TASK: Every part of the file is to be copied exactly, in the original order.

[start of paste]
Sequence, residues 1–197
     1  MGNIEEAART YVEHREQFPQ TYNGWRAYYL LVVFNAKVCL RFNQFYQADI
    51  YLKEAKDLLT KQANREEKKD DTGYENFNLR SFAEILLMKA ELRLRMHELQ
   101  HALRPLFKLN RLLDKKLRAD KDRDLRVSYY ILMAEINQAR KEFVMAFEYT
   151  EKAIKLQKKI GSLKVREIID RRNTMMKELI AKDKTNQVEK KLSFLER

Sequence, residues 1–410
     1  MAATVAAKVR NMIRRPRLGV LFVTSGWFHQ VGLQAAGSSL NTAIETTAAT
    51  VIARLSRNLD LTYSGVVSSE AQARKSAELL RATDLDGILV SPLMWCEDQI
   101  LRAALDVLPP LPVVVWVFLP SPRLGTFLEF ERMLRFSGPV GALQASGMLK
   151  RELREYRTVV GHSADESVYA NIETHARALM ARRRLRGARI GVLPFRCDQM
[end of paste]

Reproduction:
Sequence, residues 1–197
     1  MGNIEEAART YVEHREQFPQ TYNGWRAYYL LVVFNAKVCL RFNQFYQADI
    51  YLKEAKDLLT KQANREEKKD DTGYENFNLR SFAEILLMKA ELRLRMHELQ
   101  HALRPLFKLN RLLDKKLRAD KDRDLRVSYY ILMAEINQAR KEFVMAFEYT
   151  EKAIKLQKKI GSLKVREIID RRNTMMKELI AKDKTNQVEK KLSFLER

Sequence, residues 1–410
     1  MAATVAAKVR NMIRRPRLGV LFVTSGWFHQ VGLQAAGSSL NTAIETTAAT
    51  VIARLSRNLD LTYSGVVSSE AQARKSAELL RATDLDGILV SPLMWCEDQI
   101  LRAALDVLPP LPVVVWVFLP SPRLGTFLEF ERMLRFSGPV GALQASGMLK
   151  RELREYRTVV GHSADESVYA NIETHARALM ARRRLRGARI GVLPFRCDQM